I can understand how the decision whether to implement medication into the NHS is taken - and to be rational requires objectivety. I.e. Cost effectiveness. But really it's time that the NHS was a bottom up body rather than handed budgets to work with. Considering the amount of tax payers money spent on expenses, defence etc one would have thought more money could be made available for the NHS.

  • rate this
    -1

    Comment number 40.

    'They will argue that the committee has not adequately assessed the appalling lifelong burden of meningitis.'

    The drug itself doesn't appear to have been fully assessed either.....remember Thalidomide and what happened with that? It's not just about cost it's about safety as well....and you can't cure everything for a child or anyone else. Tragedies happen

  • rate this
    -10

    Comment number 39.

    @33 Craig

    Yes. You deal in numbers and money as an economist, but this is LIFE we're talking about. How can you compare the two??? What if it were YOUR child? Would you just accept that it's too expensive so your happy to let your child die or lose a limb in the name of money????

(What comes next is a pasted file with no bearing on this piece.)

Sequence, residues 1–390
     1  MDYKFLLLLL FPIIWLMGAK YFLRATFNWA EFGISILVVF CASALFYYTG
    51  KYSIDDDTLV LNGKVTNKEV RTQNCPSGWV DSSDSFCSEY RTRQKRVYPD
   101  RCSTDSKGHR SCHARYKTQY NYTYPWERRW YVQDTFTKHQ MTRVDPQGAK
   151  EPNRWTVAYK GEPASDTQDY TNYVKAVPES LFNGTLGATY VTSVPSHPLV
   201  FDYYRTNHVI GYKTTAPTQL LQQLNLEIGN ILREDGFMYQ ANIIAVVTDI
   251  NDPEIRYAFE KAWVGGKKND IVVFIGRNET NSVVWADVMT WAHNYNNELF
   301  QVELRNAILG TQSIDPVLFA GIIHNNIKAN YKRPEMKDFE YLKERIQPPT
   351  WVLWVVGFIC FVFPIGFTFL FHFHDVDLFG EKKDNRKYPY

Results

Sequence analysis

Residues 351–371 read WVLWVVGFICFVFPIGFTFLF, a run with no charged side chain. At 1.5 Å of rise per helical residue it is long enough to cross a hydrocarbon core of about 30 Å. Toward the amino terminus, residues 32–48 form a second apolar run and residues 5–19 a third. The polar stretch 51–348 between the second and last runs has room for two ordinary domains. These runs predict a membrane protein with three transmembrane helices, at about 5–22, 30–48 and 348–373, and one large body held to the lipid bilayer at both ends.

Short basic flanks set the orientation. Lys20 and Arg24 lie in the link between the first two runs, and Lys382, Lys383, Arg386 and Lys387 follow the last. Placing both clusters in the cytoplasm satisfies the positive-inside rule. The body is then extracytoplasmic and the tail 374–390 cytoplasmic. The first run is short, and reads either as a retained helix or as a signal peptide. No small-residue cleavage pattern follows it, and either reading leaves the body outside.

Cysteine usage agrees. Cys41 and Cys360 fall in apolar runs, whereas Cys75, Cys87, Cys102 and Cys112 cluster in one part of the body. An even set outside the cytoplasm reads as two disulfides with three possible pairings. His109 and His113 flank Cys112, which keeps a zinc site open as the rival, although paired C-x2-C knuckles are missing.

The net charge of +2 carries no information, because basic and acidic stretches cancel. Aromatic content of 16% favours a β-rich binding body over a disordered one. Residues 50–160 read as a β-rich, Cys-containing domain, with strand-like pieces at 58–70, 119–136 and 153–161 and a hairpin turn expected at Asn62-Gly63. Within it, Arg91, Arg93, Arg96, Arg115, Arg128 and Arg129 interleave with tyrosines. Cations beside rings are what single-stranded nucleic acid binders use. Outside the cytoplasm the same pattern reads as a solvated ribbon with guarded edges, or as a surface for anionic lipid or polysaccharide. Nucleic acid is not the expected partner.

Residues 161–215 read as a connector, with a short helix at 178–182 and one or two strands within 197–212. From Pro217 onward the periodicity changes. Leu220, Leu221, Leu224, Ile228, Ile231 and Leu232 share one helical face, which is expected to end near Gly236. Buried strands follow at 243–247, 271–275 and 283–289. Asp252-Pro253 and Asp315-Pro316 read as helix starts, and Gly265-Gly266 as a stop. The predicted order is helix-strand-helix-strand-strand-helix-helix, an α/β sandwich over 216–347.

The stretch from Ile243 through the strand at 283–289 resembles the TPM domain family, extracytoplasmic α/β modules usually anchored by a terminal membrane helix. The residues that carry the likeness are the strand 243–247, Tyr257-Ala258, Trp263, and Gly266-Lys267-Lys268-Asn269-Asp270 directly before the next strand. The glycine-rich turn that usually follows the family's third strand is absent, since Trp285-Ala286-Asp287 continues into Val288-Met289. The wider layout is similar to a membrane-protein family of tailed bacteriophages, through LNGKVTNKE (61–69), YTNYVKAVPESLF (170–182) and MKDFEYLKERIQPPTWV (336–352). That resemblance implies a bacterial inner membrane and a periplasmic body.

To me, it's a no brainer . . .Life every time. . . .Why do the pharma's charge so much? This needs addressing

  • rate this
    0

    Comment number 38.

    Ahhh, the best treatment for the rich alone. Drug companies, don't you just love 'em?

  • rate this
    -2

    Comment number 37.

    Medical advances shouldn't be hamstrung by excessive regulation as they are now. Industrialised nations' improved resistance to disease owes much to vaccines. Prosperity, which increases as a society becomes more libertarian, have been highly correlated with improved health. The best way to improve a population’s health is to make it freer, making us more prosperous, thereby making us healthier.

  • rate this
    +1

    Comment number 36.

    I agree that the vaccine be available on a private prescription basis. This is a valid and easy way to make the vaccine available. But for those hammered by the Coagulations benefits squeeze it is going to be a major problem. Also if the vaccine is made available on this basis, then those vaccinated must be within a clinical trial to answer the questions raided in FWs article.

  • rate this
    +7

    Comment number 35.

    Strange how one HYS mentions "offered with a surcharge" and gets a highest rated vote, I mention "means testing" to help the poorest, and I'm now in negative.

  • rate this